Never too young to start messaging, never too old to play!
Use the Scratch extension to write an MQ program that sends messages using the IBM MQ REST API
Messaging is vital to how enterprises work because it underpins many essential tasks that a business has to deal with, such as employee records, customer transactions, or banking. Without messaging, it would be nearly impossible to do these simple tasks safely and securely.
In spite of messaging being so fundamental to the world of computing, it receives little coverage in the classroom, even at the university level. As a result, messaging can seem unfamiliar and inaccessible.
Ever wished messaging software could be easy to use? In the IBM MQ Developer Experience team, we challenged ourselves to make MQ simple enough to use that our team lead’s nine-and-a-half-year-old could write an MQ program. To make this possible, we wrote an extension for Scratch that uses the IBM MQ REST API to send messages. What we ended up with was a great tool to help people to easily understand messaging in general and IBM MQ in particular.
Scratch is a programming language developed by the Lifelong Kindergarten Group at MIT, designed to help 8- to 16-year-olds understand programming concepts and write their own applications. It uses click-and-drag blocks, which can be joined together to visualize the flow of a program. MIT also manages ScratchX, a website that allows Scratch users to run their own extensions.
We’ve made an IBM MQ extension for ScratchX, which can be found here. The extension contains blocks to put and get messages and also functionality to use the request/response messaging pattern.
What does the IBM MQ extension for ScratchX look like?
Let’s have a look. The extension puts MQ blocks into ScratchX, ready to connect to an MQ queue manager. The put block looks like this:
This block lets you specify the IBM MQ connection variables. At the end of the block, you can enter the message you want to send.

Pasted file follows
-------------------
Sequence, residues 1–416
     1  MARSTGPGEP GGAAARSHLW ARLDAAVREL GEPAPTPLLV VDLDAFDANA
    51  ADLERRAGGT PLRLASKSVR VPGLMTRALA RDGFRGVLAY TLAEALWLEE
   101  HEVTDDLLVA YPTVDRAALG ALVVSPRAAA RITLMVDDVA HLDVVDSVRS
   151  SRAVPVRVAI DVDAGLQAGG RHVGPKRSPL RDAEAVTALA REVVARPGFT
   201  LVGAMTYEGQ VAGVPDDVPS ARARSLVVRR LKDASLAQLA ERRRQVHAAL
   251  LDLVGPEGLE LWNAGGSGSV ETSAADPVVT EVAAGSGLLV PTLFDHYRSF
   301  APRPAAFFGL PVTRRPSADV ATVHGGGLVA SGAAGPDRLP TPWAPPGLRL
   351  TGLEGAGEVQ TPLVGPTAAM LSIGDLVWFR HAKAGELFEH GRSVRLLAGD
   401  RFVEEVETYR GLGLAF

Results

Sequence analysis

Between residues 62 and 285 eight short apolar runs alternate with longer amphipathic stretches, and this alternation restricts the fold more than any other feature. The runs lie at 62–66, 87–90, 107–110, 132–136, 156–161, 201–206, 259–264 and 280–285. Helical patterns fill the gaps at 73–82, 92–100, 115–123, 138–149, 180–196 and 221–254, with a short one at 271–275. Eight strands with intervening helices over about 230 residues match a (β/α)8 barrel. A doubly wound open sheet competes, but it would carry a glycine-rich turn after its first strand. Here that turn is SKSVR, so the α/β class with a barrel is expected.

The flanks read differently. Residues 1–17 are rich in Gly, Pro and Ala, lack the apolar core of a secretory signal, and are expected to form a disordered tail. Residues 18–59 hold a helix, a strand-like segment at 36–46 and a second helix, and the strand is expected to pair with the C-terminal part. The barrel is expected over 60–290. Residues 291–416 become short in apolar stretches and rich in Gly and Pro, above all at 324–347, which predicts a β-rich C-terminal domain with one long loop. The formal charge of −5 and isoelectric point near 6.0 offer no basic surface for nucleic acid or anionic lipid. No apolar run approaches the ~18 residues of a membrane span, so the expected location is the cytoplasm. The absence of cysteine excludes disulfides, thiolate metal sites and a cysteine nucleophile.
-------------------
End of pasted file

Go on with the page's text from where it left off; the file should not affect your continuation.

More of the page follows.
The get block looks similar, but it also comes in the form of a reporter block, which allows the message payload to be stored in Scratch variables, like so:
Request blocks include a correlation ID which links a request and its response together. We might want to do this if we were building a conversational program like a cinema ticket booking app. Many people can request to buy tickets at once, but we must ensure the responses are sent back to the original requestor. For the response blocks, we also let you specify the ‘reply-to’ queue. The two blocks look like this:
These blocks work together to make fully-fledged Scratch programs that can integrate with other apps.
What did we make with it?
The image below shows a game that we made where the player has to match a sequence of colors. Scratch is used to put colors onto a queue (first set of blocks). The colors are sent to a $5 Raspberry Pi Zero, which reads the messages and uses them to control a series of colored lights for the game. Scratch gets the scores and displays them on the screen (second set of blocks).
The game looks like this in action:
Why did we make it?
Our ScratchX plugin is designed to give people a route into messaging and demonstrate just how simple MQ can be to use. It makes it easy to give demonstrations and build games so even young children can see the value.
We’ve had some great feedback from developers and teachers at conferences like Devoxx and CogX, and from students attending events at universities. MQ admins and technical experts at the 2019 IBM Hursley European Summit had a lot of fun with the demo too.
Give it a try!
Ready to give it a go? We’d love to hear how you get on. The IBM MQ ScratchX extension code is open source, so you’re welcome to submit your own projects and pull requests too!
So, what are you waiting for? Get hold of the IBM MQ ScratchX extension and start sending messages with MQ today!
Scratch and the Scratch logos are the intellectual property of the Lifelong Kindergarten Group at the Massachusetts Institute of Technology (MIT). Scratch (and MIT) in no way endorses this open source extension. We do hope they like it, though.